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Babies!

07 Jul

For my junior elective, I’ve come to a remote hospital in the Highlands and Islands. I’d originally planned to do four weeks of general medicine, but, after a collective realisation by the medical students and the junior doctors that there were four students assigned to general medicine and none to anywhere else, we quietly decided to rotate ourselves around the hospital.

I’ve been temporarily adopted by the FY2 in obs and gynae.

Yesterday, I spent the whole morning in theatre. I was allowed to retract things (my arms still don’t quite feel like they belong to me), and later to hold clamps and cut sutures. I think that watching a Caesarean is pretty much the coolest thing I’ve ever seen in my whole life.

Or, as I put it to my mum via email: “I held stuff and felt things, and then he cut other things, and then there was a baby!”

Yes, I sometimes revert to being an eight-year-old.

This week, we’ve got a locum gynaecologist who seems to be a very enthusiastic teacher. So, although it would have been a really cool experience on its own merits, the FY2 and I were effectively getting a five hour gynae tutorial as well. He explained everything that he was doing and why it was important. He made sure that we knew what we were seeing, and, when we were inhaling coffee between operations, he drew out the reproductive anatomy and showed us how the pathologies we’d just seen were different from the normal. I was able to spend a few hours last night with the gynae chapter of the Oxford Handbook of Clinical Specialties, which is one of the two books that I bothered to pack — he’d made me want to go away and read about the anatomy of the female reproductive system. And I loathe reproductive medicine, so that’s an achievement by anybody’s standards.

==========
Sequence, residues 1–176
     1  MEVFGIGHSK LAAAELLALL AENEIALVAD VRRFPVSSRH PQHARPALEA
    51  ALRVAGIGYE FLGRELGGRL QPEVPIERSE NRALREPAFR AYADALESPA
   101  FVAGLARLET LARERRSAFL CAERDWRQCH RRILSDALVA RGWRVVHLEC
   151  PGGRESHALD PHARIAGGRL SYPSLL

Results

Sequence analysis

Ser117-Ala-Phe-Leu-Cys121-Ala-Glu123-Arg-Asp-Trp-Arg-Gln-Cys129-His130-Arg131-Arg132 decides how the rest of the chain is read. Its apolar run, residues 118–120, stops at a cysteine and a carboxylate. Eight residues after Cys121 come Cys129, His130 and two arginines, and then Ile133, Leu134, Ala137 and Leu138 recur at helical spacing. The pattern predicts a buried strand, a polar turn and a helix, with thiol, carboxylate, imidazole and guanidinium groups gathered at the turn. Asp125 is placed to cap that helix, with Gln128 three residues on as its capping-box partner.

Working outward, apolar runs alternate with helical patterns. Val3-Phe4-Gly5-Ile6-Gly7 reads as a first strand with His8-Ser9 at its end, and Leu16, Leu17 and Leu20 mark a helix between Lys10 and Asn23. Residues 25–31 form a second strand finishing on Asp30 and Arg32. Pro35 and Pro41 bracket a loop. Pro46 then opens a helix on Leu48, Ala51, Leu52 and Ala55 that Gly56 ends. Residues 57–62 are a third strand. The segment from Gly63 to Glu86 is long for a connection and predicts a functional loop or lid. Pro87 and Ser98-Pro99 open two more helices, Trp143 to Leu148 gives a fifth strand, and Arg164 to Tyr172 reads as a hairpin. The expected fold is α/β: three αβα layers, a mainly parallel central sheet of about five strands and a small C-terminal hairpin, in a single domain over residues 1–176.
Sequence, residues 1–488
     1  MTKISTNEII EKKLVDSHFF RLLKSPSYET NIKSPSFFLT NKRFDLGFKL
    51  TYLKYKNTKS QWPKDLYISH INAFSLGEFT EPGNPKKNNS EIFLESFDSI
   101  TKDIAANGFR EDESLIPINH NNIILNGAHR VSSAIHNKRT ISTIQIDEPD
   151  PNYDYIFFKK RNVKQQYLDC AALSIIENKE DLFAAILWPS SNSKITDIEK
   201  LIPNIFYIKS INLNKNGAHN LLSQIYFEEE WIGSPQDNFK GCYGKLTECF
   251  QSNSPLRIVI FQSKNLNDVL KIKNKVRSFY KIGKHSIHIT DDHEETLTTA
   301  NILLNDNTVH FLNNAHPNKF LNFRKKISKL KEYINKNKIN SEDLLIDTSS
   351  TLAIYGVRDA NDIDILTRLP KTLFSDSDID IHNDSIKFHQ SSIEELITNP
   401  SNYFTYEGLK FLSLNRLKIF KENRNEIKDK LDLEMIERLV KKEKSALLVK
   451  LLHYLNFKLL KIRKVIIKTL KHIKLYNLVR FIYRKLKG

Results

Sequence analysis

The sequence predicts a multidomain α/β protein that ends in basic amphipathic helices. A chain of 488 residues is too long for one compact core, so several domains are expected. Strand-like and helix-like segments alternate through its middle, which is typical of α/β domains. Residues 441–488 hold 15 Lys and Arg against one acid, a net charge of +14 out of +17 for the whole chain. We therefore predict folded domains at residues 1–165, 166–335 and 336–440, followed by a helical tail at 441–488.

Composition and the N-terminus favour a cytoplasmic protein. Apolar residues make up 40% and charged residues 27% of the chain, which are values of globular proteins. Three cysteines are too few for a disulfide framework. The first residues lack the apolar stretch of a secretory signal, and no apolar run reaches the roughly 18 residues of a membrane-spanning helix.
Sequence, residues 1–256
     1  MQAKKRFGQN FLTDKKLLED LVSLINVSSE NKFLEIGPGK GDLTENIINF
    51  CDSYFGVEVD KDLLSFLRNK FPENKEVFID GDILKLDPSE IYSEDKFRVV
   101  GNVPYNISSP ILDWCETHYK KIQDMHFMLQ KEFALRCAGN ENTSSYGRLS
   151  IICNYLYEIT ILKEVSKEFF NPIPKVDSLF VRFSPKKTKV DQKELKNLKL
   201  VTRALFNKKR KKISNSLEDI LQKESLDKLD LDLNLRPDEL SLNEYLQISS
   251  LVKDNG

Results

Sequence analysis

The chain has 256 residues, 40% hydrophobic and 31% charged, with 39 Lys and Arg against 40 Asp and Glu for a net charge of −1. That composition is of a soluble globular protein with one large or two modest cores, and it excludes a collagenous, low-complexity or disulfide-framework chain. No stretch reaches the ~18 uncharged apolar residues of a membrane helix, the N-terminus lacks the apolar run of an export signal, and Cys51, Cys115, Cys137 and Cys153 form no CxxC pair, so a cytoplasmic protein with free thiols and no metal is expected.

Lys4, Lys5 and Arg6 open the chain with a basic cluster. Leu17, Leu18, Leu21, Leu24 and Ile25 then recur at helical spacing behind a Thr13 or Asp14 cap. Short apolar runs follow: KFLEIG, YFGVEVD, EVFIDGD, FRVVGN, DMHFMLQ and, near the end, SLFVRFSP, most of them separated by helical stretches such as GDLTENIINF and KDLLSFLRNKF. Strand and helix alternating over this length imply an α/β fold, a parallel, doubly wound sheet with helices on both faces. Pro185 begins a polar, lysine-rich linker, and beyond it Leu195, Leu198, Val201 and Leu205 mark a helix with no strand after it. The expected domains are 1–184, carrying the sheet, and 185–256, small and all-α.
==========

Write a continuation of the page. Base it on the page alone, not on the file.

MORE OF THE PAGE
I think the other important thing that I learned yesterday was that theatre is exhausting. In the afternoon, I went to the maternity ward to check on the C-section baby and was overwhelmed by the urge to sit down on the floor just because it was the closest thing.

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Posted by on July 7, 2010 in Blog, Medicine

 

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